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Homoharringtonine (HHT) is in clinical development for the treatment of a number of leukemia indications including CML resistant to tyrosine kinase inhibitor therapies, as well as AML and MDS. Initial Phase I and II clinical studies administered HHT intravenously (IV) by short and continuous infusion (CI) schedules. Improved antileukemic results were observed when drug was provided by CI over many days of treatment (e.g. 7 days). Currently, the drug is administered subcutaneously (SC, b.i.d.) to patients in schedules up to 14 days with similar efficacy and toxicity profiles as CI. For either route of administration, HHT, an ester, is rapidly converted in plasma to its acid form. This metabolite has been demonstrated to be less active in vitro. Therefore, sustained presentation of the parent molecule is important. A sustained release system may benefit HHT by maximizing the plasma levels of the active parent molecule. SC dosing has allowed for some sustained release, and recent clinical results demonstrate similar pharmacokinetics for SC and CI administration. While SC dosing allows for greater patient convenience than CI, developing an oral formulation of HHT may further be of value for ease of administration and patient compliance. Moreover, the potential for slow/controlled drug release systems may better mimic the PK profile observed in the CI and SC settings. To test oral formulations for efficacy, we are identifying formulation characteristics to optimize delivery by the oral route (PO) (e.g. compatibility, stability, release kinetic, etc.) in an effort to develop dosage forms for clinical evaluation.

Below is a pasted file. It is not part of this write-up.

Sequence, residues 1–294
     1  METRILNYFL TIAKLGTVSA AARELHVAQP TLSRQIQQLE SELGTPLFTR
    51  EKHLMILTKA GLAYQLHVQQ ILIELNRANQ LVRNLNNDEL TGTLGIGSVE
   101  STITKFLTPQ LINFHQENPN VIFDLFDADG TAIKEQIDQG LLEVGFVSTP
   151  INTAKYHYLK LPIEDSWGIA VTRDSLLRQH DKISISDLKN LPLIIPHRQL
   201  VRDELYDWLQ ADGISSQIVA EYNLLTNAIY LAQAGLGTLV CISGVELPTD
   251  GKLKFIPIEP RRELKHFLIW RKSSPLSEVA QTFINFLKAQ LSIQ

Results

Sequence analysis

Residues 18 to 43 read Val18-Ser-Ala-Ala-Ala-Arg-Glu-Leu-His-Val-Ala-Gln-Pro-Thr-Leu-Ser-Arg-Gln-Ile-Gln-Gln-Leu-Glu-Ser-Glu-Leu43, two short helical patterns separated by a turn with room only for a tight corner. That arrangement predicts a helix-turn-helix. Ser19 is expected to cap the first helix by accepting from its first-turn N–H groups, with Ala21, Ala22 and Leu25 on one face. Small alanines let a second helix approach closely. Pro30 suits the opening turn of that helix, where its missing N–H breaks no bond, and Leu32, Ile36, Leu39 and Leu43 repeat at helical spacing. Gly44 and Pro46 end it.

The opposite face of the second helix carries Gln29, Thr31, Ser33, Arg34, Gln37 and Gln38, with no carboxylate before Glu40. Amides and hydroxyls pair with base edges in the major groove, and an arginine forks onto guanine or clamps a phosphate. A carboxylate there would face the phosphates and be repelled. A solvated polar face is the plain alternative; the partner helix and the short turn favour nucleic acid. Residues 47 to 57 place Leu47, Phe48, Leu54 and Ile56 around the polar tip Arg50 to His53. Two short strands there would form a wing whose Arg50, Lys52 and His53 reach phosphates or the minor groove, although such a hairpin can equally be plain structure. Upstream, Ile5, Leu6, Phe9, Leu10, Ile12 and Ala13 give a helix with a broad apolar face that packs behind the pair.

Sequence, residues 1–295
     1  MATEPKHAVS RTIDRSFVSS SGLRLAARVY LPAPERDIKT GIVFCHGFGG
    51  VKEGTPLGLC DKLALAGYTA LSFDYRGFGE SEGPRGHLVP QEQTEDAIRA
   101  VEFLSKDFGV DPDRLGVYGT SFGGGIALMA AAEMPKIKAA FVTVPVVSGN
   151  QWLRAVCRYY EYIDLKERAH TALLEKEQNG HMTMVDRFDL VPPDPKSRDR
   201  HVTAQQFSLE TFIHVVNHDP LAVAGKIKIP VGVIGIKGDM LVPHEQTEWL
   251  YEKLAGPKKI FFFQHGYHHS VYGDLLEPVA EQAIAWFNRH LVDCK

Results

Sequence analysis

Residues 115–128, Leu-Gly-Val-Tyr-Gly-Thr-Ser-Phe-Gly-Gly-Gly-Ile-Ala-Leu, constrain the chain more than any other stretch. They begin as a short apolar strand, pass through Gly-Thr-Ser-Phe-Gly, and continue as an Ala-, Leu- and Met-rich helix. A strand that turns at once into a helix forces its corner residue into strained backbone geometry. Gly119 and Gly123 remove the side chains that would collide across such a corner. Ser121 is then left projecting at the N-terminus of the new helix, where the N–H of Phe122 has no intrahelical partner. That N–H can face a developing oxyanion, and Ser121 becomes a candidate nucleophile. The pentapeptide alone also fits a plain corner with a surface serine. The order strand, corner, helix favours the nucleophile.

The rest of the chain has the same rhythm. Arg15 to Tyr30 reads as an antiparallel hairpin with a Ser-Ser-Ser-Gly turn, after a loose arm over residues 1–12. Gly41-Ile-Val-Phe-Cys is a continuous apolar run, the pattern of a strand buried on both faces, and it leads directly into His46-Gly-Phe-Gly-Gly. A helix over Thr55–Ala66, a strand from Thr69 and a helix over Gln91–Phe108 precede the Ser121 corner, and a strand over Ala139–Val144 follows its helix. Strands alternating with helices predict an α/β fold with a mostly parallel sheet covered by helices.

Using the RIF-1 murine tumor growth delay model, we have evaluated the efficacy of HHT after PO delivery with a series of formulation excipients that may be utilized for further preformulation studies. These include aqueous-based solvents, suspension systems, protein, lipid, carbohydrate excipients, and various combinations of these materials. The efficacy of HHT in an aqueous delivery system is similar after either PO or intraperitoneal (IP) administration, suggesting high bioavailability. The use of a protein-based delivery system did not increase efficacy, however HHT in a lipid-based system had a beneficial effect on efficacy, and was not reduced by the use in combination with the protein excipients. Further stability studies, as well as pilot PK assessment is warranted for some of the test formulations. These results suggest that oral formulations for HHT could be developed to increase the ease of administration and patient compliance without sacrificing efficacy.

98th AACR Annual Meeting-- Apr 14-18, 2007; Los Angeles, CA